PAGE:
Creamed Tuna Revisted—And Some Thoughts on How to Cook a Wolf

In Maine, we are having what might be called a good, old-fashioned cold spell, where the temperature barely rises above zero during the day and goes well below zero at night. Add a brisk wind and you have weather so chilly that people barely want to go out to get their mail, much less go for a walk. A hard time for our dog, Liam, who is still energetic at 8 and loves to run and bark in the backyard. Despite the cold, Liam nevertheless gets his chance to run and bark as every day I have to bring in three wheel barrow’s worth of wood for our furnace.

This brisk weather is a good time to make a cup of tea and settle on the couch with a book. This January, I am rereading M.F.K. Fisher’s How to Cook a Wolf, first published in 1944. Despite the stiff competition from an increasingly crowded field, Mary Frances Kennedy Fisher (1908–1992) remains one of America’s best food writers. W. H. Auden noted, “I do not know know of anyone in the United States who writes better prose.” This is high praise coming from a great poet, and it is no exaggeration. M.F.K. Fisher wrote beautifully, and, just as important, she had something to say.

How to Cook a Wolf is fortunately metaphorical rather than literal—there are no instructions on how to butcher and roast a wolf.  The book was written during World War II, and it addresses how one might live creatively in a time of shortage. In the second chapter, Fisher quotes her grandmother: “I see that ever since I was married, well over fifty years ago, I have been living on a war budget without realizing it! I never knew before that using common sense in the kitchen was stylish only in emergencies.” Fisher notes that although her “grandmother’s observation need not have been so sardonically phrased…probably it was true then…and it is even more appropriate now.”

Almost 70 years later it is still true. Common sense belongs in the kitchen (and the rest of the house) in good times as well as hard ones. In addition, Fisher’s frugal but common-sense tips are particularly relevant today.

Many of us, even in this richest country in the world, feel as though the “wolf is at the door.” Expenses go up, but for most of us, salaries remain the same. What was once a comfortable income is no longer quite as comfortable. Bills must be paid. Pennies must be pinched. Extras—such as meals out and plays—are often eliminated. While those who have jobs and health care have much to be grateful for, there is no denying the feeling that things aren’t quite as good as they once were, except for the few at the top, where life is better than ever. With Earth’s dwindling resources, increased automation at the work place, and a still-rising population, it is my guess that the wolf will be at the door for quite a while. It seems to me the trick is to acknowledge this and to still live as well as possible. (And, of course, to elect politicians who will address the gross inequality in this country.)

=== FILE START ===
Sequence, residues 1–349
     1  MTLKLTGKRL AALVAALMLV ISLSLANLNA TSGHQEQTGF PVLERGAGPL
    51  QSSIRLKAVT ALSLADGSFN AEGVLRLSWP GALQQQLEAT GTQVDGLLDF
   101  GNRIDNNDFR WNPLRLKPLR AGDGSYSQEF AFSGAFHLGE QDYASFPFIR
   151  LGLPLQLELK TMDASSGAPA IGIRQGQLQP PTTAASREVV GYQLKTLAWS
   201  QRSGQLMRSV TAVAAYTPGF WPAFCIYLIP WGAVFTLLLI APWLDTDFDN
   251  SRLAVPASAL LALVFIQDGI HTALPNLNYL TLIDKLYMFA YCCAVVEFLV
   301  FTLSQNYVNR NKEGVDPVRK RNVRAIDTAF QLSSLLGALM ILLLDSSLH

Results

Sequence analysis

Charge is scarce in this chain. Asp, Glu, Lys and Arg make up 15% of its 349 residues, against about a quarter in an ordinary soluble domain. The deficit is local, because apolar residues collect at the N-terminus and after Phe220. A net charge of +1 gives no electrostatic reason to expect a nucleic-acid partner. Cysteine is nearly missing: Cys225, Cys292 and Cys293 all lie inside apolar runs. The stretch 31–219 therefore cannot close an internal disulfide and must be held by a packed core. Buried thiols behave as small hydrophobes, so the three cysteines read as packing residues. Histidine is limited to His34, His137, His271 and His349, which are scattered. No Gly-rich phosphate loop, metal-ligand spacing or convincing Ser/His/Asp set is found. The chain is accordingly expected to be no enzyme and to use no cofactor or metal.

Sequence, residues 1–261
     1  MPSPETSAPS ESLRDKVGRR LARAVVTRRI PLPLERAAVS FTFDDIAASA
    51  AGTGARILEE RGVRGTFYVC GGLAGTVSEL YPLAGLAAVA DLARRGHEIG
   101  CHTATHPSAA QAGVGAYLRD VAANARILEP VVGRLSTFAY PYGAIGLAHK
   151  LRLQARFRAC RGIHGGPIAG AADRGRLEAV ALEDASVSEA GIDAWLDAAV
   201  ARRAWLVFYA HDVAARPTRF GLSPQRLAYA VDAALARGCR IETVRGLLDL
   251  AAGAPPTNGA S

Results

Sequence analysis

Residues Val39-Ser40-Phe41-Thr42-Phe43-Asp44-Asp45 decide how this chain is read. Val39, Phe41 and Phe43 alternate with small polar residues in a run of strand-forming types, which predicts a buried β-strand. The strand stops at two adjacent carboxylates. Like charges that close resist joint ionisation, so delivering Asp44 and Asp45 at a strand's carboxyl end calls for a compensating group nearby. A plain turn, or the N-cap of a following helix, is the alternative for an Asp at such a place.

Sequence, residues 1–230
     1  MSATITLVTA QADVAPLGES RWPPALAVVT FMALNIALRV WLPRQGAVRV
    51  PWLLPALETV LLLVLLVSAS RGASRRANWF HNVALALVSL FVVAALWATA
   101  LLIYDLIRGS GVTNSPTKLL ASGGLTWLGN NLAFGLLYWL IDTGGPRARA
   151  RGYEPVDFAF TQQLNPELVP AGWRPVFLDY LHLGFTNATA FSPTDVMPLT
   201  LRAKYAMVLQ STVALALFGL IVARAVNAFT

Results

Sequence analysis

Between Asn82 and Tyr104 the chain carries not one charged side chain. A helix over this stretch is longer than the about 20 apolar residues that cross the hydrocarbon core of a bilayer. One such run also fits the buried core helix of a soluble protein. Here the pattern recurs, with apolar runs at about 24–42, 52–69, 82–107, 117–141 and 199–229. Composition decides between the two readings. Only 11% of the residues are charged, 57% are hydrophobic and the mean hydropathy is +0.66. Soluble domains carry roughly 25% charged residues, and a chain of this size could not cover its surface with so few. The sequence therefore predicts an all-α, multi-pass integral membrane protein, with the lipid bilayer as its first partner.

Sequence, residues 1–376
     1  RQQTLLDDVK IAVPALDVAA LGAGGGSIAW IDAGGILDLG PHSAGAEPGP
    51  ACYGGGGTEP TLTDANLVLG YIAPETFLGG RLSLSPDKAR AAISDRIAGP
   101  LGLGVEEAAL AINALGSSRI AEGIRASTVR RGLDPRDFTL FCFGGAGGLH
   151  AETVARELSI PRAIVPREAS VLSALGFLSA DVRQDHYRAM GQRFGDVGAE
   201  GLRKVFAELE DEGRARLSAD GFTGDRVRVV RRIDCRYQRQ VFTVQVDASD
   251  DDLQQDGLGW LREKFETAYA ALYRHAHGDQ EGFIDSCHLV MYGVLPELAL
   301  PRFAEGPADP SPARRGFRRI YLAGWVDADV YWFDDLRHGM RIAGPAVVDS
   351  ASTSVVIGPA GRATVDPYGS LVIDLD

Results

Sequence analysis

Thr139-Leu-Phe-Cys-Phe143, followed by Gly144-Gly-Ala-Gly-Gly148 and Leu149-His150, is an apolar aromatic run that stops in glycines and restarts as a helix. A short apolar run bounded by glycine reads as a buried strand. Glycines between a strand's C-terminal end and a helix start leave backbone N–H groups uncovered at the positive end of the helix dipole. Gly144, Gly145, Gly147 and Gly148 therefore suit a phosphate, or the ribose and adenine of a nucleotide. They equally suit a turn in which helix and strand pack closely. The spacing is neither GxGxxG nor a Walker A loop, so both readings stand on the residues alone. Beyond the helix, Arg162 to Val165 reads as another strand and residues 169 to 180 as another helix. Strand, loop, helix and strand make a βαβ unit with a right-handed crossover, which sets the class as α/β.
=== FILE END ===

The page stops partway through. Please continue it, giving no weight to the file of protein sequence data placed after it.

These observations, in turn, bring me to creamed tuna, a thrifty dish my mother often served for supper. She was a child of the Great Depression and knew a thing or two about making do with little. My mother often said of her own grandmother: “Even when it seemed as though there was hardly anything in the cupboards or refrigerator, my grandmother could still put together a warm, tasty meal.”

Cream sauces are not very much in vogue right now, but I must admit to having a fondness for them. Smooth, warm, rich with butter. Really, what’s not to like? All right, they are a little plain and old-fashioned, but what wrong with that?

I loved my mother’s creamed tuna, which she usually served over potatoes. (We are Mainers, after all.) But I wondered, could I jazz it up just a little, so that it would have extra zing? Yes, I could, with garlic and dill, nice additions which lifted the cream sauce from tasty to very tasty. And how about a little sour cream or yogurt to replace some of the milk? Ditto.

Creamed tuna is definitely a family dish and probably not one you would serve to company. However, when the thermometer barely rises above zero, and the wolf seems to be nuzzling the door, creamed tuna on potatoes (or toast) tastes, as my Yankee husband would put it, pretty darned good.

Note about the tuna: Tuna, as I’m sure readers know, can be high in mercury, with albacore being the worst. Chunk light tuna, which is often yellow fin, is lower in mercury and the tuna of choice in our house. Still, it is only an occasional treat for us.



6 thoughts on “Creamed Tuna Revisted—And Some Thoughts on How to Cook a Wolf”

  1. Hi Laurie~ Love your blog! Off the record, will you please e- me your U.S. mail address so I can send you something? Thanks! More soon, Pat

  2. My sister used a lobster bisque dip and seasoning blend she bought at the Vermont Country Store to season the tuna sauce. She said it was very good. I think it must have been the Halladay Harvest Barn brand.
    When cooking the garlic in butter, I have also added chopped onion, slivers of carrots, and wild mushrooms and later added chopped scallions, dill, parsley, red bell peppers, peas a dash of worchestershire sauce-lots of color to make it look less bland

    1. Those all sound like great additions. My goal with this recipe was to keep it relatively simple, with just a few additions to jazz it up. But the great thing about becoming an accomplished cook is when a recipe becomes a place to start, and additions truly make it your dish.

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